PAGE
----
Galapagos Tortoise 'Lonesome George' May Have Company

DNA analysis in the Galápagos Islands revealed 17 hybrid tortoises that can trace ancestry to Chelonoidis abingdoni, the species thought to have gone extinct with the death of Lonesome George this summer. (Image credit: Natursports | Shutterstock)

The death of Galápagos tortoise Lonesome George this summer was thought to mark the extinction of a subspecies, but a new study hints that the reptile may not have been the last of his kind after all.

Researchers from Yale University recently trekked to the northern tip of Isabella Island, the largest of the Galápagos, and collected DNA from more than 1,600 giant tortoises. The genetic samples showed that 17 of these tortoises were hybrids that had a parent like Lonesome George from the subspecies Chelonoidis abingdoni.

What's more, five of those hybrids were juveniles, suggesting purebred C. abingdoni tortoises may still be roaming a remote part of the island.

"Our goal is to go back this spring to look for surviving individuals of this species and to collect hybrids," Yale ecology researcher Gisella Caccone said in a statement. "We hope that with a selective breeding program, we can reintroduce this tortoise species to its native home."

But even if examples of C. abingdoni are found on Isabella Island, how did they get there? Lonesome George's species is native to Pinta Island, 37 miles (60 kilometers) across the seas from the Volcano Wolf area on Isabella Island where the hybrid samples were collected.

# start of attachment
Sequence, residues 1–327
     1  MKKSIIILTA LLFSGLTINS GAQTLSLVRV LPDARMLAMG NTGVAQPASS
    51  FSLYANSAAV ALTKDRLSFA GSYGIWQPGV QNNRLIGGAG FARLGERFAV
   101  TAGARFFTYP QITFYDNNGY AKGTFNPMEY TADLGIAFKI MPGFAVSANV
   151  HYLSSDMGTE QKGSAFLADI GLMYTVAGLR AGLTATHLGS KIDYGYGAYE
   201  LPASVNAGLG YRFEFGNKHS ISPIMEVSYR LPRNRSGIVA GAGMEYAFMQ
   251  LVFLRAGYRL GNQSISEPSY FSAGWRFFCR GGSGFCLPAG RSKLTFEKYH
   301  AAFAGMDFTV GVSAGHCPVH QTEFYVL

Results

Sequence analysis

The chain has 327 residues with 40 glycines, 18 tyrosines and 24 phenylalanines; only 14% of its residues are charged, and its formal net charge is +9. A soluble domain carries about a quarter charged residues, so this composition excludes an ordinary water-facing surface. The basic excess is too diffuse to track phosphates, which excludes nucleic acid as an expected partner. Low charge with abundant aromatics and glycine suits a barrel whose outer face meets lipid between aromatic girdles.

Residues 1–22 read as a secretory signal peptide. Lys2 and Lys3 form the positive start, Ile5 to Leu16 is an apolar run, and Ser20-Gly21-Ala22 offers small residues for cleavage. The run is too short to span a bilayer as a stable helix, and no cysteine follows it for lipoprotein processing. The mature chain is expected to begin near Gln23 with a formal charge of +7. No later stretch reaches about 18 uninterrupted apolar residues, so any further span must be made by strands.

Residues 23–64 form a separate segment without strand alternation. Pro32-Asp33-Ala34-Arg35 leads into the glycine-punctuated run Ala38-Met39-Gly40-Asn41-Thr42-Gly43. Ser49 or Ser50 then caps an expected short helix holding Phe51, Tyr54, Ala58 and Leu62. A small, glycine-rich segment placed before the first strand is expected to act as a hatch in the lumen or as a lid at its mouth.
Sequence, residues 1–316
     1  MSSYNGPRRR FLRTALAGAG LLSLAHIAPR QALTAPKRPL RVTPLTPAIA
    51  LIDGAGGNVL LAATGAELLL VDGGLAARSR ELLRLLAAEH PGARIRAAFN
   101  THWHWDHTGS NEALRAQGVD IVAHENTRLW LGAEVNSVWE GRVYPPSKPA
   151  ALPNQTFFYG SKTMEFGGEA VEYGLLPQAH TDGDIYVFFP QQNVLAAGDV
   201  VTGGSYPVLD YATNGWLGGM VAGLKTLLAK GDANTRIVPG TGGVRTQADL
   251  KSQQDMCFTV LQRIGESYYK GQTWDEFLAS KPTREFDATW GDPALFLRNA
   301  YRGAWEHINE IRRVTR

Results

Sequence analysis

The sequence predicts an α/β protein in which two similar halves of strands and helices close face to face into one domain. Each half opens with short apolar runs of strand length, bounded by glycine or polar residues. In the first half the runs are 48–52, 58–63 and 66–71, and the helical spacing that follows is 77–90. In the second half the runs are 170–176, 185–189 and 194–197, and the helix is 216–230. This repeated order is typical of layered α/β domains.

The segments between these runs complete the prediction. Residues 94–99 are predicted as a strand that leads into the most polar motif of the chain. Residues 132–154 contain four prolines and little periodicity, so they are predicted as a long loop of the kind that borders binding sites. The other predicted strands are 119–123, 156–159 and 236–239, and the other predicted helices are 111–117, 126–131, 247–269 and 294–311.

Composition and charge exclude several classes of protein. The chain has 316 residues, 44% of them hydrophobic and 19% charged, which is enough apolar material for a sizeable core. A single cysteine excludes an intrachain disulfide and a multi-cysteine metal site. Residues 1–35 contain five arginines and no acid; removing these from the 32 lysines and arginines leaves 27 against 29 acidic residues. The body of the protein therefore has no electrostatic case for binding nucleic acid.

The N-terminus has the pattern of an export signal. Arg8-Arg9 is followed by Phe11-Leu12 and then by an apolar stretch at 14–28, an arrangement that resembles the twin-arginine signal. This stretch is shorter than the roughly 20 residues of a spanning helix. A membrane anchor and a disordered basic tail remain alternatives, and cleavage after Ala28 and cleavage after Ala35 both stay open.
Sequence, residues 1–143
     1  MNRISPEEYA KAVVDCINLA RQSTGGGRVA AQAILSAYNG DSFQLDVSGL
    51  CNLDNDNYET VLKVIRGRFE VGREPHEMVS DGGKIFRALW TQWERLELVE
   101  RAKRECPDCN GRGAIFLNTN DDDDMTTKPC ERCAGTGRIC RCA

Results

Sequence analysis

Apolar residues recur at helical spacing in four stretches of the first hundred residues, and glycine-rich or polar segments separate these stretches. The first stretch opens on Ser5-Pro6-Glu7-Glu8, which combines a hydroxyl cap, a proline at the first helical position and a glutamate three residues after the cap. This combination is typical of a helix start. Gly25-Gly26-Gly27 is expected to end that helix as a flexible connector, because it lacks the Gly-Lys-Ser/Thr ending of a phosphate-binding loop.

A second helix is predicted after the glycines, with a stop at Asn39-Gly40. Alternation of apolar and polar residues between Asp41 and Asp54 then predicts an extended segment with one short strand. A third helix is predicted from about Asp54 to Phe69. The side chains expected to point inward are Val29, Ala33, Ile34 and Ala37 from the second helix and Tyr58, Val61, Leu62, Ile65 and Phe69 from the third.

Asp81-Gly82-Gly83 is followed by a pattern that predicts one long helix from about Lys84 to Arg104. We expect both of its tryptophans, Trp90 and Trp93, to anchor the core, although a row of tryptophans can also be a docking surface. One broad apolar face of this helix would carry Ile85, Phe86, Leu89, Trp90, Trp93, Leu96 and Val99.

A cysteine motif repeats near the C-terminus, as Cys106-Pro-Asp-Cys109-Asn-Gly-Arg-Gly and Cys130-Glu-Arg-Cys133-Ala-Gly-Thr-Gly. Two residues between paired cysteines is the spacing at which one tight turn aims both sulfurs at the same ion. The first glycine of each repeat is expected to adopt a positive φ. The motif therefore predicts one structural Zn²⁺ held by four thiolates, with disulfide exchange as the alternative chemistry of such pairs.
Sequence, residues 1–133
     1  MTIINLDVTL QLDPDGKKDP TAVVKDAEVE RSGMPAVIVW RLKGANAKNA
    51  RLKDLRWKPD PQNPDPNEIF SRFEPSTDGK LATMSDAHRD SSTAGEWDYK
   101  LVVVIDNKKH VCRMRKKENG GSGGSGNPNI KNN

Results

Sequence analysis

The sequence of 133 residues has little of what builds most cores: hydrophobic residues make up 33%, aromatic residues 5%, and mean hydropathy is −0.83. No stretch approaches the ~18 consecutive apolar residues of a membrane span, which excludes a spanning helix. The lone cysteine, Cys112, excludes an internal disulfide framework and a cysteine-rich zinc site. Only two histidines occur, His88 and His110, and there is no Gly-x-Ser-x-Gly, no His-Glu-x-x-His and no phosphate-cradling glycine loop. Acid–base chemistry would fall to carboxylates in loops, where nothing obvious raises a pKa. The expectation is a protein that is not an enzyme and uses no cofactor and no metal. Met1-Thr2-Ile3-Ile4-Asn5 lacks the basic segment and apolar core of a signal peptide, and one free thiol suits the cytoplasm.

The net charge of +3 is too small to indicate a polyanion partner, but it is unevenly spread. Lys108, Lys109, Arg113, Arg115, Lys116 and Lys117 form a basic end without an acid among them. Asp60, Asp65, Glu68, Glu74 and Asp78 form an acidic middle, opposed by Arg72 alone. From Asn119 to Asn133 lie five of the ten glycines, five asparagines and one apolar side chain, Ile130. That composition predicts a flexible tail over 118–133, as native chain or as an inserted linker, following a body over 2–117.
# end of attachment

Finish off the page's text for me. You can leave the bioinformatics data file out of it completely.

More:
These tortoises are massive, reaching nearly 900 pounds (408 kilograms) and almost 6 feet (1.8 meters) in length, and the researchers don't think ocean currents carried them between the islands. The team does suspect, however, that 19th-century sailors did.

Volcano Wolf is nearby Banks Bay, where naval officers and whalers marooned giant tortoises picked up from other islands after they were no longer needed for food. Researchers have previously found other hybrid turtles in the region with genetic ancestry of another tortoise, C. elephantopus, which was thought to be lost. This species was native to Floreana Island, where it was hunted to extinction some 150 years ago. But the new evidence suggests several members must have been brought to Isabella Island, where they mated with C. becki tortoises.

The new findings are detailed in the journal Biological Conservation.

Follow LiveScience on Twitter @livescience. We're also on Facebook & Google+.

Megan Gannon
Live Science Contributor
Megan has been writing for Live Science and since 2012. Her interests range from archaeology to space exploration, and she has a bachelor's degree in English and art history from New York University. Megan spent two years as a reporter on the national desk at NewsCore. She has watched dinosaur auctions, witnessed rocket launches, licked ancient pottery sherds in Cyprus and flown in zero gravity. Follow her on Twitter and Google+.